Claimant revealed she first worked at age 9 or 10 picking 
 
         cotton and tomatoes in fields all over the country until she got 
 
         married at age 27 in 1968.  Claimant stated she started working 
 
         in a factory after her marriage.  Claimant testified she began 
 
         working for defendant employer full-time in January 1984.  
 
         Claimant said she had various types of employment between 1968 
 
         and 1984 and also was not working during several of those 
 
         intervening 16 years. Claimant said she had worked off and on for 
 
         defendant employer prior to 1984 during the tomato season.  
 
         Claimant described the work she did from January 1984 until 
 
         February 11, 1985 in defendant employer's can shop.
 
         
 
              Claimant said that on February 11, 1985, defendant employer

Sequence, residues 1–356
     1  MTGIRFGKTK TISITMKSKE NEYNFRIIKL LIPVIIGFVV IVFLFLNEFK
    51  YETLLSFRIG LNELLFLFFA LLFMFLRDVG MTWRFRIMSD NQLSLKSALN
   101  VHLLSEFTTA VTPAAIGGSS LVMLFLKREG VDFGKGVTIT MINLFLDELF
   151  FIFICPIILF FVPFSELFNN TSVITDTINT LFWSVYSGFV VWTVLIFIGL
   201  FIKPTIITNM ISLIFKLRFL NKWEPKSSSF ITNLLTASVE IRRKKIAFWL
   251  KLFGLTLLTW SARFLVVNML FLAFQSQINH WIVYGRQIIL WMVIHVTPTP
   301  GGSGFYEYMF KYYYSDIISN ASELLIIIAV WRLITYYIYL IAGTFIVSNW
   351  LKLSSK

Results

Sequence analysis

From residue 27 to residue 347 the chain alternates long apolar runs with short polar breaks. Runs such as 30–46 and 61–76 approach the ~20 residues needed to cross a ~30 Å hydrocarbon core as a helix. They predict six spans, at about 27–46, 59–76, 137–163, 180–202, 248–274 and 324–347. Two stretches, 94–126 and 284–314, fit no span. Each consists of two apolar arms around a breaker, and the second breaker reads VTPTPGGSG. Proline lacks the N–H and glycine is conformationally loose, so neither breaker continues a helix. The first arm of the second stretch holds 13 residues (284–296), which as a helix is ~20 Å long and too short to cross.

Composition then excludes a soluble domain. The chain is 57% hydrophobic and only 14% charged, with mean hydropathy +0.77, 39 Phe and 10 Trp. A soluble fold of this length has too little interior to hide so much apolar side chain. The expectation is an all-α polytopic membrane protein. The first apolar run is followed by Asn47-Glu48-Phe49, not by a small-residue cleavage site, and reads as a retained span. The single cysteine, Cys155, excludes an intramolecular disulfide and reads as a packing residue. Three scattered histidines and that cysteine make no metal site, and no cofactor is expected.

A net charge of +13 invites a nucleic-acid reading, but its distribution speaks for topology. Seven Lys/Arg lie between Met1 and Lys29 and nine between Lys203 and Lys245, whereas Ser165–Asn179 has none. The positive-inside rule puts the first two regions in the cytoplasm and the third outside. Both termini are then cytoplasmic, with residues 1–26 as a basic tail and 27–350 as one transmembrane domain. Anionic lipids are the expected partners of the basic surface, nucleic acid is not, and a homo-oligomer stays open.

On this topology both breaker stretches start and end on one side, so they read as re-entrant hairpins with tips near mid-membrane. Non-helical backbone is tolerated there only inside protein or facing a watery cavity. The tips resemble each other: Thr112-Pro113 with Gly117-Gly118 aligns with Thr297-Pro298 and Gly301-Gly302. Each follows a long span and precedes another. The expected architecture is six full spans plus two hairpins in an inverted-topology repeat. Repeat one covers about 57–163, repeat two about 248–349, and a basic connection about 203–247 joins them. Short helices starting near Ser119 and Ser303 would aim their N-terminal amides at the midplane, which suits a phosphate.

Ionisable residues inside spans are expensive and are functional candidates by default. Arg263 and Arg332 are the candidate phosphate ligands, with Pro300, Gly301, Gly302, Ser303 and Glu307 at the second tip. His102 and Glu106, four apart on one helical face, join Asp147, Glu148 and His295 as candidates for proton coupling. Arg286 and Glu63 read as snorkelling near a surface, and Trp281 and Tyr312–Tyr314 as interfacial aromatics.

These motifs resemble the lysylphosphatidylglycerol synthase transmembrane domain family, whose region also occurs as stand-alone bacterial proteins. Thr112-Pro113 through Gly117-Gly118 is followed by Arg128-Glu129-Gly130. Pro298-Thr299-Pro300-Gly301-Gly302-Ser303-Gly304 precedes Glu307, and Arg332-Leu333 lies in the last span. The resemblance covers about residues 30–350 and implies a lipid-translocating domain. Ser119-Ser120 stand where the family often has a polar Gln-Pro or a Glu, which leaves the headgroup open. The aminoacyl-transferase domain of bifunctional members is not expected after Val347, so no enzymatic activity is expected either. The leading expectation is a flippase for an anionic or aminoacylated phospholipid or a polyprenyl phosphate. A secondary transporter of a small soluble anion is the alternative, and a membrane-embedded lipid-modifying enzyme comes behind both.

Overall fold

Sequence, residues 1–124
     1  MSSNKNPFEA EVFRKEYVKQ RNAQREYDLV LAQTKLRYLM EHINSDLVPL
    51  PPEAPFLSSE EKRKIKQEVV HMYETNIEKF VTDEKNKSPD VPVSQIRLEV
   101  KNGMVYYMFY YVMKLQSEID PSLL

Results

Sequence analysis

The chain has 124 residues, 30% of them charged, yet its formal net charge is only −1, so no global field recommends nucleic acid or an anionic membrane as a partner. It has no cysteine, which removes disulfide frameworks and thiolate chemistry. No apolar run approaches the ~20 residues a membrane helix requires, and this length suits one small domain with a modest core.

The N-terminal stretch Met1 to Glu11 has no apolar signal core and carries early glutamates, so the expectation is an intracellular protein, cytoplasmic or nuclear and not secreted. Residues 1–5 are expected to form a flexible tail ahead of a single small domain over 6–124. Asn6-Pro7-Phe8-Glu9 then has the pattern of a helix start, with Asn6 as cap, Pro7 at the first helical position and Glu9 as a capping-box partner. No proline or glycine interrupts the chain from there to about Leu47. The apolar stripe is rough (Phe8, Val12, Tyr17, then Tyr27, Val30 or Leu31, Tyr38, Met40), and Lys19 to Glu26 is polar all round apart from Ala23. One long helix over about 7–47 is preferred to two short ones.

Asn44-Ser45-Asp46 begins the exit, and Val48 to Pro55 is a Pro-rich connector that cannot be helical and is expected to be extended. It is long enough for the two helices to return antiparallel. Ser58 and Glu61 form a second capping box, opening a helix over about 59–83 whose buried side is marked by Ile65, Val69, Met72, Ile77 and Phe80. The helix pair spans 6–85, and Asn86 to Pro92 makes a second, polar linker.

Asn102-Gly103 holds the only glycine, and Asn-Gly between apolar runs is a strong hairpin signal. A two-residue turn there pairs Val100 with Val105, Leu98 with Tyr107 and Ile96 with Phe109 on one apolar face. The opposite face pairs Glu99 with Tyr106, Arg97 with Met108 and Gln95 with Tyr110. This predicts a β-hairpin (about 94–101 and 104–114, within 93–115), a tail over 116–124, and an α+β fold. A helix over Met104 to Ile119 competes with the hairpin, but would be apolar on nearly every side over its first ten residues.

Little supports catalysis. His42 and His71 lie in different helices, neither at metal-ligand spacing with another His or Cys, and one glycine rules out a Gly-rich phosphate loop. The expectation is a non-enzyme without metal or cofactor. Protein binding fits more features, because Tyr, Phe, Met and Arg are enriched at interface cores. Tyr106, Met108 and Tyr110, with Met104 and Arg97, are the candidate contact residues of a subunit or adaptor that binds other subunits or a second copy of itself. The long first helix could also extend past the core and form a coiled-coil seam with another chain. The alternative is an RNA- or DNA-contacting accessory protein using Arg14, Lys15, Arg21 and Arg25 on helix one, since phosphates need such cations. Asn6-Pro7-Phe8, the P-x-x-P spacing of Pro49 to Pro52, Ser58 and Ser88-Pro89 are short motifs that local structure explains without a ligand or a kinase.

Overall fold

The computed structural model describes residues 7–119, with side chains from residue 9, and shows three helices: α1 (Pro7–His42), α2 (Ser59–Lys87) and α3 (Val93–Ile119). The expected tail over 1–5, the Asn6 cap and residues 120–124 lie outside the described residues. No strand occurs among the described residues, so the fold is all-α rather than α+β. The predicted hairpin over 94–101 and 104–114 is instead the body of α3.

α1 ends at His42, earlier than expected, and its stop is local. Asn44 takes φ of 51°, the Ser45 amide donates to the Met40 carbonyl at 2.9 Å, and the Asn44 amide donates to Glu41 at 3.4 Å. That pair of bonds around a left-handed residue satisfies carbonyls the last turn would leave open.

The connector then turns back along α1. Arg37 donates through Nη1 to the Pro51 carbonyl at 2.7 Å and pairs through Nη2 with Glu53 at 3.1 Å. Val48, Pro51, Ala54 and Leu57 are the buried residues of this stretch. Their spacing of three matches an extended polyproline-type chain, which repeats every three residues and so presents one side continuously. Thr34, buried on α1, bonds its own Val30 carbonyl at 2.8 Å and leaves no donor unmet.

gave her a job she did not want because of her qualifications. 
 
         Claimant stated that there was only one person on the floor 
 
         instead of the normal two for this particular part of the job on 
 
         that particular date.  She related there were four machines 
 
         operating and she had to do everything.  Claimant indicated there 
 
         were several bent cans causing some problems and the foreman 
 
         wanted her to do both jobs involving the can machine which 
 
         required her to go up and down a stairway or platform and push on